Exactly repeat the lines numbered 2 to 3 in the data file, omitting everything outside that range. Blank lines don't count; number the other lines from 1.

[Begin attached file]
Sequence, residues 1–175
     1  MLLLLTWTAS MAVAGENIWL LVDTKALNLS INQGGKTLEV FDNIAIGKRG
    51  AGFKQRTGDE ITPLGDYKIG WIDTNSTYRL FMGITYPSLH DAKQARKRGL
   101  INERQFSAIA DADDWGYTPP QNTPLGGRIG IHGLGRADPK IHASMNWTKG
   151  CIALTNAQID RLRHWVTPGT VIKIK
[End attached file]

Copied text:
     1  MLLLLTWTAS MAVAGENIWL LVDTKALNLS INQGGKTLEV FDNIAIGKRG
    51  AGFKQRTGDE ITPLGDYKIG WIDTNSTYRL FMGITYPSLH DAKQARKRGL